How does a bacterium pack a 1.5 millimeters long circular chromosome into a cylindrical container of just 2 micrometers long and 1 micrometer wide?
This is a question that has occupied microbiologists for decades, but like many questions surrounding chromosomes it is difficult to tackle experimentally because of the small size of the bacterium and the relatively high density of DNA inside it.
In the past researchers in the group of Bela Mulder had already suggested that polymer physics might provide clues to the structure of the bacterial chromosome, but to date hard experimental evidence is lacking. Intriguingly a number of recent reports have indicated that the bacterial chromosome shows evidence of a helical morphology. Bela Mulder and Debasish Chaudhuri have tried to answer whether such a morphology could be the consequence of the polymer properties of the DNA, in combination with the extreme degree of confinement imposed by the bacterial volume. Their findings are published in Physical Review Letters, on June 27, 2012.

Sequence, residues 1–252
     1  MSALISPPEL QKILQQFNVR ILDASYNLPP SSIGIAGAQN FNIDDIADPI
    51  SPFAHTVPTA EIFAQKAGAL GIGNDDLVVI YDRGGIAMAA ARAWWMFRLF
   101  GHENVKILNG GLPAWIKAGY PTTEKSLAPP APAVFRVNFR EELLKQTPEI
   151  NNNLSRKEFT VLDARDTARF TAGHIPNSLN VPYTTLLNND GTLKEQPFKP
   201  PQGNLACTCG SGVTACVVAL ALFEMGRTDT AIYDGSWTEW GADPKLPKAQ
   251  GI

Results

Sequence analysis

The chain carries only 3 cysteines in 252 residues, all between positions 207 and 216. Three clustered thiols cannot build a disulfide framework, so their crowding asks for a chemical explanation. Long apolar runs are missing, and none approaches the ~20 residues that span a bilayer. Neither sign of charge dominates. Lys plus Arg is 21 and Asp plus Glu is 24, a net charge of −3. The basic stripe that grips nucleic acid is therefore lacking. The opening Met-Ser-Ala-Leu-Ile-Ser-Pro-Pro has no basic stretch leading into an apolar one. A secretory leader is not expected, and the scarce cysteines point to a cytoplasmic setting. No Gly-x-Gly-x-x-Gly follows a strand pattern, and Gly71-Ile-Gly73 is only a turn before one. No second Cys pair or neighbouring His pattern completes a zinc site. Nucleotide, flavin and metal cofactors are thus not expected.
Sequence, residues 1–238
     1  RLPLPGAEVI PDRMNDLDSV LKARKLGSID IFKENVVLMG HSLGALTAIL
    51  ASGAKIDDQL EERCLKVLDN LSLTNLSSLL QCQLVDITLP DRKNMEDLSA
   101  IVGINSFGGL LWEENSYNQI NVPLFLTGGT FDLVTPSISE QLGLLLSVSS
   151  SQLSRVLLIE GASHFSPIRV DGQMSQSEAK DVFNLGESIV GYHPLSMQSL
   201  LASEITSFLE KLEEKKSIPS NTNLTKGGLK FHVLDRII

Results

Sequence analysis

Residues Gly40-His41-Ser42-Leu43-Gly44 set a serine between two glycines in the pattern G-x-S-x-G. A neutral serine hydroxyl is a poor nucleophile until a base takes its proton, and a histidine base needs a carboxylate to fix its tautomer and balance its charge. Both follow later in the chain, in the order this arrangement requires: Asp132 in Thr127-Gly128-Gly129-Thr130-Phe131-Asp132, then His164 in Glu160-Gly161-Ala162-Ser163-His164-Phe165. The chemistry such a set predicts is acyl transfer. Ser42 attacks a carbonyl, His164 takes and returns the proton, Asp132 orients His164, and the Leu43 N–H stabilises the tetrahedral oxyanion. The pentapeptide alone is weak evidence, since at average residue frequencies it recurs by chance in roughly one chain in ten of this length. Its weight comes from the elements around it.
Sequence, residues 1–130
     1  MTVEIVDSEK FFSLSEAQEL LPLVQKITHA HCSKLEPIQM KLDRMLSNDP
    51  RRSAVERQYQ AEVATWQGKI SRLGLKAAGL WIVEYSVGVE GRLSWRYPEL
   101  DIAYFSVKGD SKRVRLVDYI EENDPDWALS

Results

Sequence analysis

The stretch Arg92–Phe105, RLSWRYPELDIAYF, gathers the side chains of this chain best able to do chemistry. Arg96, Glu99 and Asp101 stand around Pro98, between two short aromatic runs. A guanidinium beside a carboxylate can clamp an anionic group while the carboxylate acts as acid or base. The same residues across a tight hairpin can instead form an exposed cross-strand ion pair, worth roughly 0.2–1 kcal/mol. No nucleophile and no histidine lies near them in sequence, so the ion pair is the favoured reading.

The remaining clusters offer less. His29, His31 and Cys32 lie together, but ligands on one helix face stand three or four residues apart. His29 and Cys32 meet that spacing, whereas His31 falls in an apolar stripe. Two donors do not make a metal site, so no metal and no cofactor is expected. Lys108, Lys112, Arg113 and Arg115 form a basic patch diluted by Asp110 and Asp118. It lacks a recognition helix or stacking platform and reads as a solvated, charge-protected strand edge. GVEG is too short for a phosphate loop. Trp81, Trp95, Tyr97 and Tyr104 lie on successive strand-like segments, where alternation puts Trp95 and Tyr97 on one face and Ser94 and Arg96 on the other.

The researchers found clear evidence for the stability of helical arrangements, and explain these on the basis of the effective stiffening and thickening of the polymer backbone due to the side loops. To that end they have simulated a highly simplified model of a bacterial chromosome, consisting of a backbone to which side loops are attached, mimicking the cross linking induced by chromatin associated proteins. Whether the results actually bear on the problem of the bacterial chromosome remains to be seen, but they clearly show the ability of ‘sculpting’ the entropy-driven conformations of highly confined polymers.
D. Chaudhuri and B.M. Mulder, Spontaneous Helicity of a Polymer with Side Loops Confined to a Cylinder Phys. Rev. Lett. 108, 268305 (2012)
S. Jun and B.M. Mulder, Entropy-driven spatial organization of highly confined polymers: lessons for the bacterial chromosome PNAS 103, 12388–12393 (2006)
Snapshot of a helical equilibrium configuration of our model bacterial chromosome.